Grand Turk Cruise Port Guide: Tips and Overview


TheJellyBeans.net Grand Turk is a little island with a lot to offer. In addition to some of the best diving in
the world, there is also the Grand Turk Cruise Center area for those who prefer spending
the day shopping, swimming at a pool, or sunbathing on a white sandy beach. The cruise terminal — which caters to Carnival
Corporation cruise lines like Carnival, Princess, Holland America, and P&O — has a pier that
can accommodate two ships at the same time. No tender is required. The beach, shopping, restaurants, and a pool
are just steps away. Be sure to remember that Clam Shells, Beach
Chairs, and Sun Umbrellas inside the Grand Turk Cruise Center are complimentary
for cruise passenger use. Even the ones closest to the water! Signs are posted, but there will still be
plenty of locals trying to scam money from unsuspecting tourists. We simply tell them, “No, thanks. Everything is free,” and they leave us alone,
realizing we know about their scam. When exiting the ship, most passengers tend
to head towards the white sandy beaches on the left side — or north side — of the Grand
Turk pier and there is good reason. There are plenty of chairs, clam shells, and
umbrellas available; the beach and water are beautiful; you get to swim close to the ships;
and the snorkeling is great because Carnival has submerged cannons, anchors and other items
in that area to attract fish. Also on the left side of the Grand Turk pier
is Jimmy Buffett’s Margaritaville restaurant area which has a complimentary pool
with complimentary lounge chairs. A Flowrider surfing attraction is available
near the pool and cost around $30 an hour on our last visit. Riders must be at least 52 inches. The Flowrider attraction may be purchased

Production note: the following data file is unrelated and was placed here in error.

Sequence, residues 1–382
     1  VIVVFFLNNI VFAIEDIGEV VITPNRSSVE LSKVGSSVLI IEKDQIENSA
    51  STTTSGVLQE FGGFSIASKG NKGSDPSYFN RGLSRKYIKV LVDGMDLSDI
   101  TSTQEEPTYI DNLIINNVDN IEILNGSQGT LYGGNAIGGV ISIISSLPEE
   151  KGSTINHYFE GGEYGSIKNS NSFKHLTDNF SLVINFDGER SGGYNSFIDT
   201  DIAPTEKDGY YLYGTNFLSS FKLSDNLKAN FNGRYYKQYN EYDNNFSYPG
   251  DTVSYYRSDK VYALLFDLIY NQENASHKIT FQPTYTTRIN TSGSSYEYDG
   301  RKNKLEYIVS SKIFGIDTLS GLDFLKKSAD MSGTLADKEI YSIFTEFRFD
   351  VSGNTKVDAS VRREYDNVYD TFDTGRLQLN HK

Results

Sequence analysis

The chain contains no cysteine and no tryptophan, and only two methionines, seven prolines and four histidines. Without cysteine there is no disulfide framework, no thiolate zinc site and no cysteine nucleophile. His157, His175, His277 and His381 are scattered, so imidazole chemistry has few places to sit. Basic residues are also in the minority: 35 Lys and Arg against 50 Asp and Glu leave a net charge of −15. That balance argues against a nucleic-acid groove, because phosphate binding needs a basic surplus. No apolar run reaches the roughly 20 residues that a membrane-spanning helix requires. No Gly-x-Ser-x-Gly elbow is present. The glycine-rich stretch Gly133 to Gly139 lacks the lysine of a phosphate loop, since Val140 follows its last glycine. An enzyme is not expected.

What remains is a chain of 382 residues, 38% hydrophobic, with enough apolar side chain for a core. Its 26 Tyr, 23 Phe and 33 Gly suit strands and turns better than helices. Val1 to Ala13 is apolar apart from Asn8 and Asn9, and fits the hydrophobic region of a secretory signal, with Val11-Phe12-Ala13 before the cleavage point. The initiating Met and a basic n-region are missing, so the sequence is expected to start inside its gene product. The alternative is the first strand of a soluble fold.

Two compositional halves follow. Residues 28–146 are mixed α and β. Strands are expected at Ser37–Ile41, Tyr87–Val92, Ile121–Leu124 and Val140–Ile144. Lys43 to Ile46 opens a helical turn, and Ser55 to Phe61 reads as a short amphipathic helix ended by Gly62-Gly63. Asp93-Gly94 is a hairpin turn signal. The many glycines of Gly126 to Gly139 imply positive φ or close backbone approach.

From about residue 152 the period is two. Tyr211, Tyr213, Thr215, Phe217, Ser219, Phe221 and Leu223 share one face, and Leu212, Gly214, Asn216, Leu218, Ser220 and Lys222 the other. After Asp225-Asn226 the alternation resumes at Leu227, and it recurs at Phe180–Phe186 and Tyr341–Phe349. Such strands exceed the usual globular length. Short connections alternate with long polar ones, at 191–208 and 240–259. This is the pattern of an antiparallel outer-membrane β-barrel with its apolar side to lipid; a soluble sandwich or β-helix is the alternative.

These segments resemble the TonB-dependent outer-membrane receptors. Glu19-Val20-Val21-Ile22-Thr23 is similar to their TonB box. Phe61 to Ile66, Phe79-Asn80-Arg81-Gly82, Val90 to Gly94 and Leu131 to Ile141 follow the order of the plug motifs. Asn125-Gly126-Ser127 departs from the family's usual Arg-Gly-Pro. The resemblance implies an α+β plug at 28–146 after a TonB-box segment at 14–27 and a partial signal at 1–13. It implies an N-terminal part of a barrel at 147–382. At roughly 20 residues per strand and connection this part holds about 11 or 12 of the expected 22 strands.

as a shore excursion through the cruise line. Additionally, a limited number
are sometimes available at the Flowrider shop near
the swimming pool. Although there are many things to enjoy on
the left side of the pier, we usually go to the right side — or south side — of the Grand
Turk pier, which also has a lot to offer and tends to be not as popular. We love this location because we have a better
chance of finding a clam shell, even if we’re not the first people off the ship. Even though the area is more rocky than the
beach area to the north, we’ve had great luck spotting many fish and sea urchins
while snorkeling in this area. There is also a restaurant
and bathrooms close by. If you’re planning to spend your day at
Grand Turk by the water — or in it — remember to bring a beach towel from the ship and
return it to the ship at the end of the day. Towels are not provided on the island. We also recommend you bring your own snorkeling
equipment and buckets for building sand castles. In the center of the cruise terminal itself
you’ll find several shops to explore. Like other ports, many offer
freebies and raffles. Details are available in the port shopping
guides that are handed out on the ship. Outside of the Cruise Terminal boundaries
there are several excursion options as well as two areas that can be explored by foot. The most popular area is north of the Cruise
Center, along the beach. There are a couple of bars in that direction
that are very popular with tourists and crew, the most popular of which seems to be Jack’s
Shack Beach Bar and Grill. The bar is about a ten-minute walk from the
exit of the Cruise Center and you can visit their website to get a free shot of rum. If you head south – past the warning signs
that you’re about the leave the cruise terminal area – you’ll come to what some call the
Conch Shell graveyard, which is popular with beachcombers. Though some cruisers are successful bringing
conch shells back on the ship to take home, most are often confiscated at the ship’s
security checkpoint when you return from port. Finally, a great resource for learning more
about the island and the cruise terminal is the Grand Turk Cruise Center website – which
includes Maps of the island, a listing of taxi fares to explore the island, excursion
descriptions, and a calendar showing the ships scheduled to be in port on a specific day.